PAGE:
Public Access Civil Rights
Wildlife and Sport Fish Restoration Program

"The Synergy of Conservation and Civil Rights: No Community Left Behind."


Recent Civil Rights Cases and Activities:

1. Calling all cabs! New York City has a cab accessibility issue, and the DOJ is on the case. Persons with mobility disabilities are especially impacted. Try getting into one of these traditional cabs if you are wheelchair user! So the cab companies in New York are working on a corrective action initiative, to open up this industry more for accessibility. This may be a systemic problem impacting other jurisdictions as well. Acessible vans for transportation are quite common now.

2. The DOI Office of Civil Rights sponsored a special forum re: a vendor and accessibility evaluation system that Dana and Angela have been using successfully in Regions 1 and 8. Dana, Angela and the vendor worked with the Department ot set up this forum. This forum included bureau public civil rights officers, bureau accessibility managers, and Civil Rights Director Sharon Eller. The presentation was well received. Both the Department and FWS are exploring potential possibilities to use this system.

3. There is a big EPA case with Environmental Justice implications, impacting minority and low income communities, espcially in Alabama and Indiana. A manufacturer has been cited for violations of the Claen Air Act. Hazardous Air Pollutants (HAPs) have been identified from leaking equipment near some of these people of color communities. The company has already agreed to install equipment and embark on a leak monitoring program. $1.3 million has been earmarked for HAP emissions control. The company agreed to a $1 million civil penalty.

4. In a major Title VI court case involving the Justice Department, The City of New Orleans just signed a consent decree inpacting their police department. There were several allegations of mistreatment of people in the minority communities. There were illegal practices cited with regard to search, stops, arrests, etc. The terms of the decree include: sensitivity training of officers; revision of policies on the use of force; racial profiling prohibitions; revised standards for arrest and searches; close supervision of officers; and reform of investigative techniques. The decree also includes more active community contacts for more community involvement in policing practices.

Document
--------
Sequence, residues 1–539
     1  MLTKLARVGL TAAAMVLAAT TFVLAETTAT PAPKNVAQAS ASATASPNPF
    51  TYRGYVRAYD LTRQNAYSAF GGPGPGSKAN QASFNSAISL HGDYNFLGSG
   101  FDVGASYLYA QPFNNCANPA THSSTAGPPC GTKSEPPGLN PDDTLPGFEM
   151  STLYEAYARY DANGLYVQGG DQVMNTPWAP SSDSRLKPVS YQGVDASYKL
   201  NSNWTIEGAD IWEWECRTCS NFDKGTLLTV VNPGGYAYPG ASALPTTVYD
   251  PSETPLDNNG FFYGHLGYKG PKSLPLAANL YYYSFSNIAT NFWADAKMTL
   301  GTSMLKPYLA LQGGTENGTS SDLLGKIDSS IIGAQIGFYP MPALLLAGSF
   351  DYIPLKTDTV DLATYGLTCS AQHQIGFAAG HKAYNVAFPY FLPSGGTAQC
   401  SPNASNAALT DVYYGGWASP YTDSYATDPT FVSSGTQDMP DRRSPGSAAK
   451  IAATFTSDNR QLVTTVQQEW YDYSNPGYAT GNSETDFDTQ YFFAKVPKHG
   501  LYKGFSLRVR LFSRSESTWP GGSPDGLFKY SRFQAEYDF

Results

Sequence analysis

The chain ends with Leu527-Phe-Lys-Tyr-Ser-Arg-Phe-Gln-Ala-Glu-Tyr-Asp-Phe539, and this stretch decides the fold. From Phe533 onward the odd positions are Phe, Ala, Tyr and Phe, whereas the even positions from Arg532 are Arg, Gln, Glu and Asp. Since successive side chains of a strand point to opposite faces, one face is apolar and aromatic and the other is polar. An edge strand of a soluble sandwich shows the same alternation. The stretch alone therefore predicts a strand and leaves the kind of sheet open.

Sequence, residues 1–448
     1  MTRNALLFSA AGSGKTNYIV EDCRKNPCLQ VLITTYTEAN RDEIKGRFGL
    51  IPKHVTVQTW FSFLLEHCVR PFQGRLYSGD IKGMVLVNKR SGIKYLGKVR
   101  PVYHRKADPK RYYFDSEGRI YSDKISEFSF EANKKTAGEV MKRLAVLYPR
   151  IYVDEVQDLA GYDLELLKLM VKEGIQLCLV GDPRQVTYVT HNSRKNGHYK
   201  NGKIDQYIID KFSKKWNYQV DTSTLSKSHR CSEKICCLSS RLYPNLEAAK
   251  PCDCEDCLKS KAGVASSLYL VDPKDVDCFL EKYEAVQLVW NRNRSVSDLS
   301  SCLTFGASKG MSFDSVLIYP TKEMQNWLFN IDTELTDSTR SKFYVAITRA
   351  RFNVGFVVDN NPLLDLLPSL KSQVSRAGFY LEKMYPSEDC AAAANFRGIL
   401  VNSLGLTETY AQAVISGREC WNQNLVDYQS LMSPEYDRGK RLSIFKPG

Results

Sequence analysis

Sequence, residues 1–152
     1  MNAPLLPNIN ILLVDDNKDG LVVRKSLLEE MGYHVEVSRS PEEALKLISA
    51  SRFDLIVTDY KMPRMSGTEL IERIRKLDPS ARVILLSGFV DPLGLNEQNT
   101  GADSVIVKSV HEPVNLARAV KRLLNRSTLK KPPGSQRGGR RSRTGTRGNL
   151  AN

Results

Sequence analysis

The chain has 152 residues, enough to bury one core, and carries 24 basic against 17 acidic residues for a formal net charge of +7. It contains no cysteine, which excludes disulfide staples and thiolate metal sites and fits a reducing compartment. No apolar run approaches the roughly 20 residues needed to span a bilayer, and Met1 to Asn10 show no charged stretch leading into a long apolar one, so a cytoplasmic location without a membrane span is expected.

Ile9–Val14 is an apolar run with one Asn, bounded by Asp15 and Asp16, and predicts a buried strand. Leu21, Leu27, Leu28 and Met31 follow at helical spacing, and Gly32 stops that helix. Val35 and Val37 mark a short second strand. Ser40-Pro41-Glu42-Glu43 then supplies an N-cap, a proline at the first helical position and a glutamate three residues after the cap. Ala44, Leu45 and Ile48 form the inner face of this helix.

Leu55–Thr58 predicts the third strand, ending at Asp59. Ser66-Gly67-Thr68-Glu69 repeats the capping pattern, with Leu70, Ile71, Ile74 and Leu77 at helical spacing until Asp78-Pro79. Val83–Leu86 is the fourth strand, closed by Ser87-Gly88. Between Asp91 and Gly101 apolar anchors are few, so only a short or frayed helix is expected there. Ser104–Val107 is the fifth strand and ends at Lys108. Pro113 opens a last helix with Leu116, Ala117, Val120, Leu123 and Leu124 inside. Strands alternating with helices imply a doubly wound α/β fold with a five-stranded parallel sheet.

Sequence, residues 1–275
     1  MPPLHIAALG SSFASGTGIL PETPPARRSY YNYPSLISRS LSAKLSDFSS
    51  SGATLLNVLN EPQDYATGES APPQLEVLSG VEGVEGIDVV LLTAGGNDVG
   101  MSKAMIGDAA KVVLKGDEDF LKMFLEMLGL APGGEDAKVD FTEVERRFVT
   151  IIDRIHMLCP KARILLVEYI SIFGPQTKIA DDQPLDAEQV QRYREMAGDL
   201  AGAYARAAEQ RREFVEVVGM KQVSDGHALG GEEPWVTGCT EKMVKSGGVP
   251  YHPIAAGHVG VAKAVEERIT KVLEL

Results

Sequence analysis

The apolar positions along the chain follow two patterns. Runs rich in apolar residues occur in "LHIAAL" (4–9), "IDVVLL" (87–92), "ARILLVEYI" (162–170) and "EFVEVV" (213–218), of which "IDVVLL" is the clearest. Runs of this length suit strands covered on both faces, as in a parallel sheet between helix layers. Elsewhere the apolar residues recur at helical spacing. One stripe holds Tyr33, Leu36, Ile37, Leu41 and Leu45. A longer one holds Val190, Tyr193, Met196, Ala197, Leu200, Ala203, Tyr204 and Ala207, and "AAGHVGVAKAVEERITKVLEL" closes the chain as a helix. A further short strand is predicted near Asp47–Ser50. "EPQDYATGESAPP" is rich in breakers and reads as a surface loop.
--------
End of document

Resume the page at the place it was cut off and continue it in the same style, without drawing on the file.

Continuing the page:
5. There was a resolution of a service animal case. A law office allegedly would not allow a client to bring a service animal on the premises. The excuse that the law office used was that one of the lawyers had a dog phobia and had a dog allergy. The law firm apologized once to the client, but then allegedly barred the client again. The consent decree calls for the following terms of injunctive relief: A sign saying all service animals are welcome; training of employees of the law firm, including attorneys, on service animal requirements; and publicizing service animal policy. The firm agreed to provide $20,000 in monetary damages to the complainant, and also had to pay a $5000 civil penalty.

6. Anyone going to the Lincoln Center in New York City anytime soon for one of their entertainment spectacles? The Avery Fisher Hall was cited for numerous accessibility barriers. But the case summary states that the Lincoln Center was cooperative in addressing the accessibility issues. The consent decree was very comprehensive, so if you go, some day you will see an extreme--well not extreme--but significant makeover. That, according to plan, is to include: 6 additional dispersed wheelchair seating locations; comparable lines of sight for the wheelchair users; comparable ticket prices for wheelchair users and non wheelchair users; a companion seat next to each wheelchair seat; and 5% of aisle seats to be designated as aisle transfer seats. There are also planned renovations for restrooms, doors, drinking fountains; telephones, signage, elevators and parking signage. The target time frame for completion is within 18 months. Good and positive things happening in civil rights and accessibility!

BACK